SC order on Babri, late but welcome

The Supreme Court’s order to reopen criminal conspiracy charges against senior BJP leaders, including L K Advani, Murli Manohar Joshi and Uma Bharti, for the demolition of the Babri Masjid in 1992 is a welcome assertion of the rule of law, though much too belated. The demolition of the mosque by a frenzied Hindutva mob was the worst attack on the country’s secular edifice in its republican history. Over 2,000 people were killed in the riots in its wake. It is shameful that no one has been held accountable for the crime for a quarter of a century. The cause of justice is slow and tortuous, especially when powerful people are involved. But delayed justice may be better than denied justice, more so when greater national ideals are involved more than individual destinies, and have to be reaffirmed for the good of the nation.

There was no question about the charges invoked in the two cases relating to the demolition. There was a criminal conspiracy to demolish the mosque. This and the actual demolition cannot be separated. But the trial did not proceed for the most technical reasons and the court has said that the CBI, which investigated the case, should be faulted for this. The two separate trials in the case will now be bunched together and heard in the same court on a daily basis, with a deadline of two years for completion. The demolition happened after a long campaign for the construction of a Ram temple on the spot where the masjid stood. It was led by Advani and others who are named in the cases now. It is for the court to decide whether the campaign, the conspiracy and the act of demolition can be legally linked and the accused held liable. Evidence in the public realm and the findings of enquiry commissions have pointed in that direction. The Liberhan Commission had come to the clear conclusion that BJP leaders were to blame for the demolition. The court will, however, have the final say.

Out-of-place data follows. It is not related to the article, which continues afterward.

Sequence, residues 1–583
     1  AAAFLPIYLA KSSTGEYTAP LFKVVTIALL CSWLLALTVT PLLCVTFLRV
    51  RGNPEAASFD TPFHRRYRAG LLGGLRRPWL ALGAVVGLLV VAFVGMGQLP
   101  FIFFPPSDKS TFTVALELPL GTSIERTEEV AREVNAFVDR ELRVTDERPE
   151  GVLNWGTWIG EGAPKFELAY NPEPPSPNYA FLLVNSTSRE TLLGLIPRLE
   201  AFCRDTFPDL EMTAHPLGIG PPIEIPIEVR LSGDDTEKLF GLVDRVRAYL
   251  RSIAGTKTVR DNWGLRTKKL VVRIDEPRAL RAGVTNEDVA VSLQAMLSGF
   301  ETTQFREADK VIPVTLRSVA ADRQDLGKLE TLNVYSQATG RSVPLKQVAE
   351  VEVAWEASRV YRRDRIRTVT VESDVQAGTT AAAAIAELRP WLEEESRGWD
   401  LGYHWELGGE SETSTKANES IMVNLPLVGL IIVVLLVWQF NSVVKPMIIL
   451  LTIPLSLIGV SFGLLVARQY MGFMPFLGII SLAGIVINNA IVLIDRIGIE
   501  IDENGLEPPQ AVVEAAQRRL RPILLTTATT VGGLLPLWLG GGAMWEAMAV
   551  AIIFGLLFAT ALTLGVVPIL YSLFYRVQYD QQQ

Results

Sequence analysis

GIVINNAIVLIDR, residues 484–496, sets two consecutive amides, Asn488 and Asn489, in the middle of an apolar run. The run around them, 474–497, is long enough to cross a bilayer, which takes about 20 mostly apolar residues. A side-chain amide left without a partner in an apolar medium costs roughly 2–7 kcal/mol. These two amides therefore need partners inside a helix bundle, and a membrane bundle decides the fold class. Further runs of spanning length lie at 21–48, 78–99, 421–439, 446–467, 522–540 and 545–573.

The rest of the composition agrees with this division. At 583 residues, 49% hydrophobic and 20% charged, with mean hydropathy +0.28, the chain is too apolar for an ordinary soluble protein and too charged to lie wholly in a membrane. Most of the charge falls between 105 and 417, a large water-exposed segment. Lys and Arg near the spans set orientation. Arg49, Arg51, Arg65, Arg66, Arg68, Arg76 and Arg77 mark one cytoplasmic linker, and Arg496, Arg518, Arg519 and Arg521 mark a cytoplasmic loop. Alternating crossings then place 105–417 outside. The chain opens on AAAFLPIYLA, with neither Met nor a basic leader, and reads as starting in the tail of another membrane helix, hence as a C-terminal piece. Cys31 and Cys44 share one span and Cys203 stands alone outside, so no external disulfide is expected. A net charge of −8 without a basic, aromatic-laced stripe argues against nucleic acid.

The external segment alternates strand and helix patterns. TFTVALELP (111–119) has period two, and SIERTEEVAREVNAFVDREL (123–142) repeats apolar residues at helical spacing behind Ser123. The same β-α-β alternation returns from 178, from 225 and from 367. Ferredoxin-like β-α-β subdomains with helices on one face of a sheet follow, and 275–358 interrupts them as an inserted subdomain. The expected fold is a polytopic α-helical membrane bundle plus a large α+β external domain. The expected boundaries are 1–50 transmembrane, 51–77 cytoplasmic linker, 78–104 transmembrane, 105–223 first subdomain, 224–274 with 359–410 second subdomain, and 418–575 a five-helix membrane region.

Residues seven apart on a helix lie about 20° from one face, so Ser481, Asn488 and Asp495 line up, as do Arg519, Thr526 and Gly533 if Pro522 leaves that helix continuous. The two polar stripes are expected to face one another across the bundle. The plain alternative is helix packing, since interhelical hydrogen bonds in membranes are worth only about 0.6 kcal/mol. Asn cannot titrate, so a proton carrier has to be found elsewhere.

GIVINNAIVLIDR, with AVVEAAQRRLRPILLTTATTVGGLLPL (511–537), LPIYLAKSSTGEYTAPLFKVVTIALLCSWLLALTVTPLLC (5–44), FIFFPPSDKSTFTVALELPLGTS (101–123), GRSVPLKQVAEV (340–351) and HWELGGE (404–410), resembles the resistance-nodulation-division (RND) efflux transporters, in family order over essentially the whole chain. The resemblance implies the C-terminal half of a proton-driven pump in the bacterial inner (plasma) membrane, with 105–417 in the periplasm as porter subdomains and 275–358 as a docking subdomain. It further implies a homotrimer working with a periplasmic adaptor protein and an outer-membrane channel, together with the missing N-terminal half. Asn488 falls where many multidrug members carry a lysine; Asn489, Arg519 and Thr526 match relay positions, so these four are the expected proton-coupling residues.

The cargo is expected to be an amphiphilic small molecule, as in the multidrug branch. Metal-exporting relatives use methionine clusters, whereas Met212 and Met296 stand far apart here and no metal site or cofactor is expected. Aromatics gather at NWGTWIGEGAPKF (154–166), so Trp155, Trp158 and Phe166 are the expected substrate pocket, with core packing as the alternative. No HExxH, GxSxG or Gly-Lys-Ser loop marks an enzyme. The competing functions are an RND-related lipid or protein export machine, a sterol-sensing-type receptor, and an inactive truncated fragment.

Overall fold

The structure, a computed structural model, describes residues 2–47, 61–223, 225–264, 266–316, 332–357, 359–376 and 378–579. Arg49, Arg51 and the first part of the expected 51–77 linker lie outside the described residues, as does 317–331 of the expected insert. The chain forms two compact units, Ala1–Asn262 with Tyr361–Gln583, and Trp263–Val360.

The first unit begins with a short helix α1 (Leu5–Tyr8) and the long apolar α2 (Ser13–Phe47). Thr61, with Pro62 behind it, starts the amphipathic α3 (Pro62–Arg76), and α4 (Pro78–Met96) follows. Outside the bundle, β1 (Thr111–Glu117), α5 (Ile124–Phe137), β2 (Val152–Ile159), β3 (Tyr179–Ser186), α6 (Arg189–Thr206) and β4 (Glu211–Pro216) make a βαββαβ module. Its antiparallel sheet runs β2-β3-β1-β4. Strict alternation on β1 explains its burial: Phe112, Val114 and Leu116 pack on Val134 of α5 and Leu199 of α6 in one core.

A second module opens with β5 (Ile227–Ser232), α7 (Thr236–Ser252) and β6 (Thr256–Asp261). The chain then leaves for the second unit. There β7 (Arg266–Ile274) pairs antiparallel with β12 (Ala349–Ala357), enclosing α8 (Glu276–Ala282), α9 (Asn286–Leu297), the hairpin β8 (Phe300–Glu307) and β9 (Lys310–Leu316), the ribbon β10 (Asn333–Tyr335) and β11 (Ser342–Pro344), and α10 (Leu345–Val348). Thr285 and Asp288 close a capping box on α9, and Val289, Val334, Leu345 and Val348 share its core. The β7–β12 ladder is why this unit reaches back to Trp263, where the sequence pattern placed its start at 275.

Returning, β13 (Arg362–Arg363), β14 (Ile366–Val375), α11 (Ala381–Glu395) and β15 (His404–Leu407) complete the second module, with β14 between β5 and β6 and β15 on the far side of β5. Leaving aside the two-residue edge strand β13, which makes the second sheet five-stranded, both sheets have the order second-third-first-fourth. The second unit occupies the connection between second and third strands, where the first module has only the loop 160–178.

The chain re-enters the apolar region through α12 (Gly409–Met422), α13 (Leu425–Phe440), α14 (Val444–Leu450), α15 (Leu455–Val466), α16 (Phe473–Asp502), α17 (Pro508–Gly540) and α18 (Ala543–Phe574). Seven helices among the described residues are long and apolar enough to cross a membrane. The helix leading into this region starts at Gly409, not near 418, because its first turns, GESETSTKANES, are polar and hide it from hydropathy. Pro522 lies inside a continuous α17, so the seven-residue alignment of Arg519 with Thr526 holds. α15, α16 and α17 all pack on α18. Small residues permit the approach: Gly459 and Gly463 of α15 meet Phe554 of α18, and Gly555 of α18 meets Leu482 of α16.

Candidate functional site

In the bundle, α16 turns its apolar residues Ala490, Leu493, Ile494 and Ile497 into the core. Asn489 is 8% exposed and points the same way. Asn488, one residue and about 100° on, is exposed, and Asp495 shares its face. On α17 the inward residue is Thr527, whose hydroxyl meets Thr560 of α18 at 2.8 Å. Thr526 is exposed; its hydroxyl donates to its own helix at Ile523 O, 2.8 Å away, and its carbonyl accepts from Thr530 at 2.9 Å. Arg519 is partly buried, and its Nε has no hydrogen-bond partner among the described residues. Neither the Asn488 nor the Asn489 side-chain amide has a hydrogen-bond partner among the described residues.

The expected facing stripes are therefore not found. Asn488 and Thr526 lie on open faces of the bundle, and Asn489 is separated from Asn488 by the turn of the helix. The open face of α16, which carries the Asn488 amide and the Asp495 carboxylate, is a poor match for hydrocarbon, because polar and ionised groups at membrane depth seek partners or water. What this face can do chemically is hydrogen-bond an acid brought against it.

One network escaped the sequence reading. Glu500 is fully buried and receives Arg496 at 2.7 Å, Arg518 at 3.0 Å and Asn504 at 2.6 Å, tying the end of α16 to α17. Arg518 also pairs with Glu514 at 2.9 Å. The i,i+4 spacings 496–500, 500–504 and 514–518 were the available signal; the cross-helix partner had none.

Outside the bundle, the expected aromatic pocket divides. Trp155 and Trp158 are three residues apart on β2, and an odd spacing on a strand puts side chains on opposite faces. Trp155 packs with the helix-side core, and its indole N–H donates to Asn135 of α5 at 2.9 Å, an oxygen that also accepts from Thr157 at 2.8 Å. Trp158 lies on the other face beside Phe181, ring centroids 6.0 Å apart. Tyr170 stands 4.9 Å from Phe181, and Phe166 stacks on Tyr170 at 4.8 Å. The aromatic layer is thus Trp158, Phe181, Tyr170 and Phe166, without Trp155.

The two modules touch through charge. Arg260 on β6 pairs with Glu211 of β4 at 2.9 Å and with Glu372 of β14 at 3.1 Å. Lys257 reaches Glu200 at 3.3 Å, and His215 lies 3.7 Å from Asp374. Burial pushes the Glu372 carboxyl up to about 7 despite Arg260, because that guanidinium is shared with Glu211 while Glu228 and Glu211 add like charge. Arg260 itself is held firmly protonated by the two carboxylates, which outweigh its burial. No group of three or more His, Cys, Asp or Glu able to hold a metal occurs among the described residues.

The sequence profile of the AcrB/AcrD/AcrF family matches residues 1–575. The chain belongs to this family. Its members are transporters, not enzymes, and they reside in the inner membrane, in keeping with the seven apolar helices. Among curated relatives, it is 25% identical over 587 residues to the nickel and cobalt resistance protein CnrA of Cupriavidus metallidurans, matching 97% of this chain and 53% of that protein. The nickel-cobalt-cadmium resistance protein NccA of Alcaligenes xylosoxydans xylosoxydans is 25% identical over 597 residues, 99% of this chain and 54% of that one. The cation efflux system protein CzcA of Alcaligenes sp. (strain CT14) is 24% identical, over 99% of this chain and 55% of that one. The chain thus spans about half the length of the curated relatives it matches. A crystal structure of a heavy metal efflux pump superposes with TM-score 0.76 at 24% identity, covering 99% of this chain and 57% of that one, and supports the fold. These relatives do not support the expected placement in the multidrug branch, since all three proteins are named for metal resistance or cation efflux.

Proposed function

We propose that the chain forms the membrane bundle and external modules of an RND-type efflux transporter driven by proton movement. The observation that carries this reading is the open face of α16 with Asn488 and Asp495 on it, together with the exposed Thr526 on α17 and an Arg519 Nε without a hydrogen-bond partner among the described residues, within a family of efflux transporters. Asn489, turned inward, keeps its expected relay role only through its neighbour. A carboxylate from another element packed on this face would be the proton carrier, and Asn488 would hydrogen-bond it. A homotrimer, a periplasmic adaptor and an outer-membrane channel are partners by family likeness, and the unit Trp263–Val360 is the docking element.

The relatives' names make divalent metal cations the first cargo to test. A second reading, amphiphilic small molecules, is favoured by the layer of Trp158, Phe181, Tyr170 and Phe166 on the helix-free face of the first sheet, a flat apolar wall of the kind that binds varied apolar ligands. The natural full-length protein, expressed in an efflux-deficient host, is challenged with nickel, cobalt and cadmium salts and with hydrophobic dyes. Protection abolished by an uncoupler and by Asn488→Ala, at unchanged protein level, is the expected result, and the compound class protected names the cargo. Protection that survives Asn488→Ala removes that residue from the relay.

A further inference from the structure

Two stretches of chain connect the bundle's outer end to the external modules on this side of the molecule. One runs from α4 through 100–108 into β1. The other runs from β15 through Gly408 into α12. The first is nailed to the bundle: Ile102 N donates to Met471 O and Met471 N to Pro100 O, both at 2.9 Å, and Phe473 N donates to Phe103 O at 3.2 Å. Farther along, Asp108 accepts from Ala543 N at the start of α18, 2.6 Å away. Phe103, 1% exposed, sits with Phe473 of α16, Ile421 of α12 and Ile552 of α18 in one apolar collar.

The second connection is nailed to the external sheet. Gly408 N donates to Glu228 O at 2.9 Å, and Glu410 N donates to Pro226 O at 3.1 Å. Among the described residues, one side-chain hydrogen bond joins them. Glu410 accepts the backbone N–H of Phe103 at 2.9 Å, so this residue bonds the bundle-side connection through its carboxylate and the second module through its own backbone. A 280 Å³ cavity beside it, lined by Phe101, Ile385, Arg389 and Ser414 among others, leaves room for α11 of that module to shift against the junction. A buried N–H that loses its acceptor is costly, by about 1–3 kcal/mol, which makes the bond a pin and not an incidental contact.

The BJP has been opportunistic and devious about the role of its leaders in the Babri case. It has enjoyed the credit for the demolition and politically benefited from it but has denied any legal responsibility for it. A new generation of leadership is in charge now and the fixing of accountability may not personally affect them. But the party will be on test as much as its veteran leaders during the trial. Union Minister Uma Bharti and Rajasthan Governor Kalyan Singh should also step down from their official positions in the interest of propriety. Hopefully, there will be a just closure of the case.

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